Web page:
they thought they could accept that assignment. Then mother got pregnant.
That is how I was born at Graceland at the beginning of the second semester,
1921. The plan for us to go to Tahiti, however, was scrapped because it so
happened that year that Graceland didn’t have a French teacher. But it had a
Norwegian on the staff, and it seemed practical to have my parents study
Norwegian and go to Norway. How different my life would have been if the
original plan had worked I can only imagine.

       I recently came across a daily journal that my parents kept of the
twelve-day journey from New York to Oslo. It was not an easy trip. They
were lonely, anxious, and seasick. On top of that they had to deal with a
crying baby who also was seasick and had no idea what she was doing out
there in the middle of the ocean and who kept pleading, “Take me home.
Please take me home.”

       Eventually we arrived in Oslo, and I suddenly was surrounded by
people speaking a strange language. But because children are wired for
language, I absorbed Norwegian almost instantly. At the age of twenty-one
months I was bilingual, and according to my mother at times I served as a
translator, explaining what the Norwegians were saying to them and vice-
versa. It didn’t last long. I didn’t want to be different so I stopped speaking
English completely. During my first fifteen years I switched back and forth
between Norwegian and English three times, forgetting the other language
each time.

       One thing I learned is that it is impossible to get an exact translation
from one language to another. That became particularly clear to me when I
returned to Norway on a volunteer mission for the church in 1986 after my
retirement from Graceland. I was trying to teach Temple School classes for
which there was no Norwegian translation. As most of you know, some
words in those courses are difficult for English-speaking people to
understand and almost impossible when you try to find an equivalent word
in another language, particularly if there isn’t such a word. Even such a
simple word as “worship” had its problems in Norwegian. “Endowment,”
particularly as we think of it in English, was impossible.

      But while I was dealing with two languages I was learning a third: the
language of God. While children are wired for human language, are they
also wired to respond to God’s language? I believe so. For as long as I can

remember I have been fascinated with the question, “What is God’s
language and how is prayer related to that?” Surely God’s language is not
Norwegian or English or any other language we can think of. Marjorie
Suchoki in her book, In God’s Presence says God’s language is all
languages and none of them. It is the language of the Holy Spirit. In learning
the language of God we first must learn the language of the Holy Spirit. Our
feeble words in prayer, whatever they may be, are translated into the
language of God and, according to Milton, ascend as incense to the one to
whom we pray.

      There aren’t just words in that mix; it involves the totality of our
being. The words themselves do not count for as much as who we are, but
however that is, we all are accepted and loved by God who created us.

       There are two beliefs of the Restoration movement that can help us
here. The first appears in Section 28 of Doctrine and Covenants: “Verily I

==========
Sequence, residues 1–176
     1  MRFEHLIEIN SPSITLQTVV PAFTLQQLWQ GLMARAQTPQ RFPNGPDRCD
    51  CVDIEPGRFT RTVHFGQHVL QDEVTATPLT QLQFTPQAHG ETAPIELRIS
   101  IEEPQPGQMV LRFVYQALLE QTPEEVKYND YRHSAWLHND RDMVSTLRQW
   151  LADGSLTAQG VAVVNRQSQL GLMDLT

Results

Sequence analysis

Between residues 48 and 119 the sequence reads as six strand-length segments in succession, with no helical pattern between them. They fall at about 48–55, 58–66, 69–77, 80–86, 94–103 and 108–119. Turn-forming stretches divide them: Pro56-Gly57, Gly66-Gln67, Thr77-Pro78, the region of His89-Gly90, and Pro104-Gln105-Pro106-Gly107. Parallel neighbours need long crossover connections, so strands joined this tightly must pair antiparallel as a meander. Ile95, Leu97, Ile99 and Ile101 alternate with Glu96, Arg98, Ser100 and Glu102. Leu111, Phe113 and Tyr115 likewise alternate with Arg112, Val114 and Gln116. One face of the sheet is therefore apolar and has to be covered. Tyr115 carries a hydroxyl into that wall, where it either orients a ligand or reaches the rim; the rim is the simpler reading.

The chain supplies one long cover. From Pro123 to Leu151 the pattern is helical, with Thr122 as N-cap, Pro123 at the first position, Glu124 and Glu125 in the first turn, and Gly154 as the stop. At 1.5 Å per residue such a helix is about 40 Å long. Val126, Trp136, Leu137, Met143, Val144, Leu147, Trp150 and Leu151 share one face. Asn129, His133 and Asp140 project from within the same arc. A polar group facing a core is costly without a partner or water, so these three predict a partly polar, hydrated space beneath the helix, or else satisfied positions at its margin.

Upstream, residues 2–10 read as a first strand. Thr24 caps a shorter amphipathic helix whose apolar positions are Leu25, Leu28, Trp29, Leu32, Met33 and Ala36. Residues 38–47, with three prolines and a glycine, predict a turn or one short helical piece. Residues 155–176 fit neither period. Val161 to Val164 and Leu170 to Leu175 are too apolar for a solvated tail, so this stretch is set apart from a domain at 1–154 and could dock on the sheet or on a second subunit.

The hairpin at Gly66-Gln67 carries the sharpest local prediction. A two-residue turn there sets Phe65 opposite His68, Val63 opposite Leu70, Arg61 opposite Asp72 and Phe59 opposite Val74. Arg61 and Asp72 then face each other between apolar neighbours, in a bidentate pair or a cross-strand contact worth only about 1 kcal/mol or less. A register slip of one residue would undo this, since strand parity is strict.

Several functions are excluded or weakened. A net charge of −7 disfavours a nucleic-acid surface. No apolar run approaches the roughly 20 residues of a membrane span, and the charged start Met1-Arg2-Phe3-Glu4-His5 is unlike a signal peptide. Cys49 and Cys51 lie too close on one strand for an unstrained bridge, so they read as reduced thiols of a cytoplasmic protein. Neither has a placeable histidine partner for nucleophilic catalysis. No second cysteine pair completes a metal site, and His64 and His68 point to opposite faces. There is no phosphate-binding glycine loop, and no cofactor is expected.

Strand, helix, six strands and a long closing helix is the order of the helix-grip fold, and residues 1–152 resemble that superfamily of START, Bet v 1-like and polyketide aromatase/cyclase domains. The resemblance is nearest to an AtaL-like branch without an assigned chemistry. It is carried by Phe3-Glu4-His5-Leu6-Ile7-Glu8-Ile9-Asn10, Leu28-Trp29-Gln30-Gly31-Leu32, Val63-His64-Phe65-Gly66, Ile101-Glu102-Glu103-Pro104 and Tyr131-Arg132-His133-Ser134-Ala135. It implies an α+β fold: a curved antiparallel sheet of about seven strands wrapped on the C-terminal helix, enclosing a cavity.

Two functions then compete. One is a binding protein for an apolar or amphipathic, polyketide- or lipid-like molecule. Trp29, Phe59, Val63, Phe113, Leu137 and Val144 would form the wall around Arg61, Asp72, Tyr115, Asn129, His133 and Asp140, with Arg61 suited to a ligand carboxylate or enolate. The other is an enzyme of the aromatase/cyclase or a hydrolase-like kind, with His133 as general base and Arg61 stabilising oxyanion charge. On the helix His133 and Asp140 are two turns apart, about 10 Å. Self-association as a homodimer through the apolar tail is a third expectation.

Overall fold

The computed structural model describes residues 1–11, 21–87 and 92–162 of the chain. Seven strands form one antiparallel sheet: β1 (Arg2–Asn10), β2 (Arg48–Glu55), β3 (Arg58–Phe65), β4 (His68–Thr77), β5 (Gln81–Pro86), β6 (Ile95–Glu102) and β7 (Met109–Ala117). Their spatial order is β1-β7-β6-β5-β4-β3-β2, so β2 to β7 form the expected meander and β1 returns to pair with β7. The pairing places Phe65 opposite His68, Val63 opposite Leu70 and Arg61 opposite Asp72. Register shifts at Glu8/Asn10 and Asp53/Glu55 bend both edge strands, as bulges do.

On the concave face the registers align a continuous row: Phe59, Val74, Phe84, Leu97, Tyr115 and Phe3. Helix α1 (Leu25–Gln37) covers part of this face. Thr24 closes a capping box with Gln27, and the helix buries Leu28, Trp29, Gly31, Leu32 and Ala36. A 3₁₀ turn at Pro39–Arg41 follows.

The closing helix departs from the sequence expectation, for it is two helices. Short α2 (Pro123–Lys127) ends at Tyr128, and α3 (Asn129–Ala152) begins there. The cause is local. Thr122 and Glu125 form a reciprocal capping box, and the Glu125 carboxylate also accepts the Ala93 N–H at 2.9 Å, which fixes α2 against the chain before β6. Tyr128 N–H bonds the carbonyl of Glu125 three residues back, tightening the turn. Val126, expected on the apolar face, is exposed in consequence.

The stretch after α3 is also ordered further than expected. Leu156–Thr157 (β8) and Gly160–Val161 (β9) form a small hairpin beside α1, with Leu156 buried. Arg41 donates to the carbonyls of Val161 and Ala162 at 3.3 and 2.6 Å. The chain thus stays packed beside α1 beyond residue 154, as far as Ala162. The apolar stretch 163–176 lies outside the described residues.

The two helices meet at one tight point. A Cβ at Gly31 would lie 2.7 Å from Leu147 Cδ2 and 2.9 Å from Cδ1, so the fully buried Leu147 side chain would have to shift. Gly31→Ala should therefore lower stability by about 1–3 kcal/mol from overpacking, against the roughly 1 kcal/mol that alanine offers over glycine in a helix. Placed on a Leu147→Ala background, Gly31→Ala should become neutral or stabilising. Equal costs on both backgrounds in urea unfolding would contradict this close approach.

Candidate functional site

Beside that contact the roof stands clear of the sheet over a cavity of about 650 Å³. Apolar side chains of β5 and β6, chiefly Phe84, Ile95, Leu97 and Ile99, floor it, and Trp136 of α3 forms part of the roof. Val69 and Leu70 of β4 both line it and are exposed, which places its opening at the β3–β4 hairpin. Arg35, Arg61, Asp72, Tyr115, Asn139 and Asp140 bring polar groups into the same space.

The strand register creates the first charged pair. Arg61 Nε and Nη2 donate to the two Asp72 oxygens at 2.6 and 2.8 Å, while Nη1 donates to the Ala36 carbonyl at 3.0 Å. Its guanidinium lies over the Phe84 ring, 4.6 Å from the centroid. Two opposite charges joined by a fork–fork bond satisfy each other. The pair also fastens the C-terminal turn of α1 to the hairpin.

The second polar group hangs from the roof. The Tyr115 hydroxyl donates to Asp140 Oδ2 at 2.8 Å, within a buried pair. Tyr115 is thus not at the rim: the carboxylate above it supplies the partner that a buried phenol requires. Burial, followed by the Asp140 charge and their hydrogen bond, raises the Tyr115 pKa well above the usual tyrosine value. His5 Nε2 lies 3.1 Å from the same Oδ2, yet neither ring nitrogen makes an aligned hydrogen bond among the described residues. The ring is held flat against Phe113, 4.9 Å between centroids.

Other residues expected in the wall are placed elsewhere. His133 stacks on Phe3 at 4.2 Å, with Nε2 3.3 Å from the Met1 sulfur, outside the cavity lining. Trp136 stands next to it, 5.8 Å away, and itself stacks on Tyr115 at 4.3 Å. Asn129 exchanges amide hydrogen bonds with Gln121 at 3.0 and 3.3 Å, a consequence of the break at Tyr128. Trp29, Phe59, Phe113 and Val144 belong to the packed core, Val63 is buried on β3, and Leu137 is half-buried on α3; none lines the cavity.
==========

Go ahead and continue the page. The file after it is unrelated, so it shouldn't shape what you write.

say unto you, that all things unto me are spiritual” (9a). That is followed by
the statement in Section 85:3a:

             And the light which now shineth, which giveth you light,
             is through him who enlighteneth your eyes, which is the
             same light that quickeneth your understandings; which
             light proceeded forth from the presence of God to fill the
             immensity of space.

       That means the presence of God is pervasive through all creation and
shines forth to all who have eyes to see and ears to hear. Though this is true,
there is a difference between how that works in and through human beings
and the rest of creation. We are created in God’s image with the commission
to grow into God’s likeness. Part of that means that we are filled with God’s
presence since before we were born. Only into human beings did God
transfer his life force, his breath. In this context the Holy Spirit takes an
active role in human lives. The self-consciousness of God comes in contact
with the self-consciousness of the human.

      In addition we were given the capacity of language so we could
communicate with one another and with God. The God who created us
obviously wanted to have communion with his people. We think of
statements such as “I am your God, and you are my people.” And that

wonderful statement in Hosea 11:3–4 NRSV when Israel had strayed away
from God’s commands and God mourns:

             Yet it was I who taught Ephraim to walk, I took them up
             in my arms; but they did not know that I healed them.
             I led them with cords of human kindness, with bands
             of love, I was to them like those who lift infants to their
             cheeks. I bent down and fed them.

       Can we believe in a God like that and even one who says, “Your tears
are my tears”? If we do, we wonder, “How can we come in contact with
such a God?” Well, the Holy Spirit has taken leadership in this connection.
In theology it is referred to as “prevenient grace.” “Prevenient” means “that
which comes before.” God’s presence and grace are always within us, part
of our very creation. Much of the time it is subliminal, below our
consciousness, but whether we recognize it or not it is responsible for the
nudges we receive to learn God’s language, to respond, to pray. Because we
have free will it also is possible for us to resist it. The Spirit does not compel
us to respond.

        A second belief of the Restoration movement is that the Divine never
has ceased to speak through prophets and ordinary people. Here language